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Morehouse School of Medicine Receives $13.3 Million NIH Grant to Lead Consortium Combating Hypertension
FOR IMMEDIATE RELEASE
October 20, 2010
Morehouse School of Medicine Receives $13.3 Million NIH Grant
to Lead Consortium Combating Hypertension
“Minority Health-GRID Network” will lead to first-of-its-kind health database
ATLANTA – The National Institutes of Health (NIH) has awarded Morehouse School of Medicine (MSM) researchers $13.3 million over three years to fund the “Minority Health Genomics and Translational Research Bio-Repository Database (MH-GRID) Network: A Genomics Resource for Health Disparity Research” project. The project, which is the first of its kind to focus primarily on minority patients, will build a database of genetic and other health information from minority populations by bringing together a collaborating web of institutions, hospitals and community clinics that will share information derived from electronic health records. The effort will begin in the Southeast, known to have the highest incidence of high blood pressure and stroke among African-Americans.
Dr. Gary Gibbons
The initial objective is to use this database to learn more about why minority patients suffer a more virulent clinical course of hypertension and its complications, such as stroke. Investigators plan to extend these studies to other conditions that disproportionally affect African-Americans. The database will allow long term study and short term action in finding new, more effective methods of treatment and prevention. It will also allow scientists and health care workers to delve more deeply into the genetic, social and economic factors connected to this disease and overall health.
“The persistence of health disparities in medically underserved minority communities remains one of the most vexing public health problems facing our nation”, said Dr. Gary Gibbons, the project’s Principal Investigator, Chairman of the Department of Physiology and Director, Cardiovascular Research Institute, Morehouse School of Medicine.
Dr. Sandra Harris-Hooker, interim dean and vice president for research affairs at Morehouse School of Medicine noted, “The Minority Health GRID project builds upon MSM’s NIH-funded infrastructure provided by the Research Centers for Minority Institutions (RCMI) Program and the Atlanta Clinical and Translational Science Institute, as well as local strategic partners including Emory University, Grady Memorial Hospital System and Kaiser Permanente Georgia. This research project aligns with MSM’s mission and strategic vision – to use the tools of scientific discovery to make a major impact on the health and well-being of the most vulnerable neighborhoods in Atlanta and beyond.”
Dr. Gibbons will lead an outstanding multi-disciplinary team of scientists with expertise in health disparities research, genomic science, bioinformatics, bioethics, epidemiology, minority community outreach, behavioral science and cardiovascular medicine. Although the Minority Health GRID has an initial focus on tracking health outcomes at safety-net clinics and hospitals in the Southeastern United States, the team includes a variety of collaborative institutions such as – the NIH, Emory University, University of Washington, Jackson State University, Baylor College of Medicine, the Jackson Heart Study, Jackson-Hinds Clinic and Stanford University. The study will use the latest DNA sequencing technology to create one of the largest existing ‘catalogues’ of detailed DNA sequence information of African-American patients.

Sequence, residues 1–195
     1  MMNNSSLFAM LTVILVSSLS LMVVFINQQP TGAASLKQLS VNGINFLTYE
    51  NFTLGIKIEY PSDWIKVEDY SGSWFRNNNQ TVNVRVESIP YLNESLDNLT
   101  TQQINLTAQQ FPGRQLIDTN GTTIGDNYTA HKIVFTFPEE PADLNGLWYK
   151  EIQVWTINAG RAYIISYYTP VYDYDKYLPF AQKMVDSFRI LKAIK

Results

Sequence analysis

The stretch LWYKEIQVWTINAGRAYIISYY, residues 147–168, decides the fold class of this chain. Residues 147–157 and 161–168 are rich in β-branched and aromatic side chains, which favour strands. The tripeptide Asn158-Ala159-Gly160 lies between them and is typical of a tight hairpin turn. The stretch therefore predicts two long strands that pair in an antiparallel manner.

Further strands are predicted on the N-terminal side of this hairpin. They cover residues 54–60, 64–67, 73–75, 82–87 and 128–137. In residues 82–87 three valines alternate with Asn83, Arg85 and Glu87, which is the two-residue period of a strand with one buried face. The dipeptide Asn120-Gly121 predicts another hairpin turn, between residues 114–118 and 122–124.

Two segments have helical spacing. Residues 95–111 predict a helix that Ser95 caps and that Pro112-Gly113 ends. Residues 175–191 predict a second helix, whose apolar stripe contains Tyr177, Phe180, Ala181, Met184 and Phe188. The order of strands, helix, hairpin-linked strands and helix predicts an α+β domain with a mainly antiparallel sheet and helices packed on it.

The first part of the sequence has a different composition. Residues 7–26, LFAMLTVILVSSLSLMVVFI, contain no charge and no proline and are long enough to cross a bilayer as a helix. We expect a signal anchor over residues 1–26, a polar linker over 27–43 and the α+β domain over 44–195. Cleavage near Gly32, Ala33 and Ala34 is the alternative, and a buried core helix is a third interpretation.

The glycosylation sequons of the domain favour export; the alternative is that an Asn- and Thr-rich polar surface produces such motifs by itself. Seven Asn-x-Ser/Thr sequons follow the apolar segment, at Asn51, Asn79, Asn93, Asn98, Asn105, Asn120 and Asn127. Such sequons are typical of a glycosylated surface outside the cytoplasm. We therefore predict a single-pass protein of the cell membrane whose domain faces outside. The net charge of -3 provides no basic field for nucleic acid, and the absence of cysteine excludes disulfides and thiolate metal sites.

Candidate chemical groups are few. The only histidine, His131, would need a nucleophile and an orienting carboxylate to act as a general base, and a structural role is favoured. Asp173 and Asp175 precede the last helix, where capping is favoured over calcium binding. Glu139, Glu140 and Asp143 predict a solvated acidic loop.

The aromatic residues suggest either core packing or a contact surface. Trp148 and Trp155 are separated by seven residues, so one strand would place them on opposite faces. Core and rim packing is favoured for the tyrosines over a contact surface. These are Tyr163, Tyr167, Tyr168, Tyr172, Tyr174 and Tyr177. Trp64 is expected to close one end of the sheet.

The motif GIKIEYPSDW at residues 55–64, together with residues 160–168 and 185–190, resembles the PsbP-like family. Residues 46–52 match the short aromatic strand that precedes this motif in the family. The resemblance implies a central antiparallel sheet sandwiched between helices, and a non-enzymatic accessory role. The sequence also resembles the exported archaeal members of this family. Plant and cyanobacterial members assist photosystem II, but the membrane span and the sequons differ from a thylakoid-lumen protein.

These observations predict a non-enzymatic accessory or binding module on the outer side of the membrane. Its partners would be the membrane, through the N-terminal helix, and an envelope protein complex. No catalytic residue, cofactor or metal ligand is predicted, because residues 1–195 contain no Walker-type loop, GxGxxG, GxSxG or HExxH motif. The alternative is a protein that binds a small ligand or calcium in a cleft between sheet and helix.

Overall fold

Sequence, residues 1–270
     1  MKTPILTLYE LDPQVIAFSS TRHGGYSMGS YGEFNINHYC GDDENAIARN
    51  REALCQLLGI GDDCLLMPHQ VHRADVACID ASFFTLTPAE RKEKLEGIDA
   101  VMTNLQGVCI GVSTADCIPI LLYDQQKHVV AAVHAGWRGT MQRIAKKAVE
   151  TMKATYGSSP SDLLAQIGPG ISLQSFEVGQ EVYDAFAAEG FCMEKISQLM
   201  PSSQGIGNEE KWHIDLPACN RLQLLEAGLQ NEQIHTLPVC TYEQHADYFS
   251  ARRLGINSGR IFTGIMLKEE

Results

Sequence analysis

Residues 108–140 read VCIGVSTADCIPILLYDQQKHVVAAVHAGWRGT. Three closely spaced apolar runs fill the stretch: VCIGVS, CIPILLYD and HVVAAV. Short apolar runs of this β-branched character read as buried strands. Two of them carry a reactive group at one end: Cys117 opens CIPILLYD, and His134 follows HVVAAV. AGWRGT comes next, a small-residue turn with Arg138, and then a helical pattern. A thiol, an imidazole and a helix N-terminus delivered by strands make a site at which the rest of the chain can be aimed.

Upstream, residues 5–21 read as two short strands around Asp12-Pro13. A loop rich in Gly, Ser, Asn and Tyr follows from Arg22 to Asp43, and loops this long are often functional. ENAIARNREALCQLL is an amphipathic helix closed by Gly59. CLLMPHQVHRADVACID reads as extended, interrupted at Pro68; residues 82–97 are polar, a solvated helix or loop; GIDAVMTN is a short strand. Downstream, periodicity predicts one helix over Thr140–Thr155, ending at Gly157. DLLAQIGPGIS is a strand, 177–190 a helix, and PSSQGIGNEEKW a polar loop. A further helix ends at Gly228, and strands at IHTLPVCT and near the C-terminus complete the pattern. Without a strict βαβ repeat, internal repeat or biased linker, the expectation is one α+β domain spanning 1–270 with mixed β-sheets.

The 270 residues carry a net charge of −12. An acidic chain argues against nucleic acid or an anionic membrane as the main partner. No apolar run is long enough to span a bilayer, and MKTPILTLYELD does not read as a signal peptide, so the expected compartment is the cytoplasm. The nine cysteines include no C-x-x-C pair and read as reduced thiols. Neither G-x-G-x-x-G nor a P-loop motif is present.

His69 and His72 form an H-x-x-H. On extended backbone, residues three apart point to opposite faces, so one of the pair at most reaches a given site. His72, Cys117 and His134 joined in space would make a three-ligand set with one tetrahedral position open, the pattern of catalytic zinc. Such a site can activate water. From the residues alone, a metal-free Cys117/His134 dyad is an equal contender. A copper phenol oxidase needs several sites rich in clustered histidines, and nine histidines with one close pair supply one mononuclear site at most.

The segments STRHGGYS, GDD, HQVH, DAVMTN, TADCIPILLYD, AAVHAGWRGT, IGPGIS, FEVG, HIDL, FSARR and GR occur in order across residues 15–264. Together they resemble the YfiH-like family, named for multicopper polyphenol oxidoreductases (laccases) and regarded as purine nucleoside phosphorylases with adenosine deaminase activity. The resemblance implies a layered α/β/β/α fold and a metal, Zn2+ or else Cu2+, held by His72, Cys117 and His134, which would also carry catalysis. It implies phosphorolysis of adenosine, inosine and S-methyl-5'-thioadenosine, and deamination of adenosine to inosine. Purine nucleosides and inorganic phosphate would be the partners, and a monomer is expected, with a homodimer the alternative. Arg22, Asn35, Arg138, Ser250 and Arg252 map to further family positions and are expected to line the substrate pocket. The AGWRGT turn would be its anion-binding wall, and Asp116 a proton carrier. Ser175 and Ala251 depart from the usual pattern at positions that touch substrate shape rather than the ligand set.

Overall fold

The long-term objective of the Minority Health GRID project is to develop more sophisticated approaches to ‘personalized medicine’ that are applicable across the diverse spectrum of patient populations in the United States. The MH-GRID intends to develop predictive tools that will allow clinicians to identify at-risk patients with hypertension who are most likely to benefit from interventions designed to prevent complications such as stroke, heart failure or kidney failure. The project is among the first in the nation with a specific focus on applying state-of-the-art technology and multi-level approaches that will facilitate the ability of the clinician to capture genetic, social and environmental factors that influence the course of disease.
Dr. Gibbons predicts “The Minority Health GRID will enable clinicians to establish more effective treatments based on ‘point-of-care’ access to health information that takes into consideration the patient’s biological, social and environmental determinants of health.”
About Morehouse School of Medicine
Morehouse School of Medicine is dedicated to improving the health and well-being of individuals and communities; increasing the diversity of the health professional and scientific workforce; and addressing primary health-care needs through programs in education, research, and service, with emphasis on people of color and the underserved urban and rural populations in Georgia and the nation.
Morehouse School of Medicine is a member of the largest consortium of Historically Black Colleges and Universities (HBCUs) in the world — the Atlanta University Center (AUC). For more information about Morehouse School of Medicine, visit us online at www.msm.edu
. About The National Institutes of Health
The Nation’s Medical Research Agency includes 27 Institutes and Centers and is a component of the U. S. Department of Health and Human Services. It is the primary federal agency for conducting and supporting basic, clinical, and translational medical research, and it investigates the causes, treatments, and cures for both common and rare diseases. For more information about NIH and its programs, visit www.nih.gov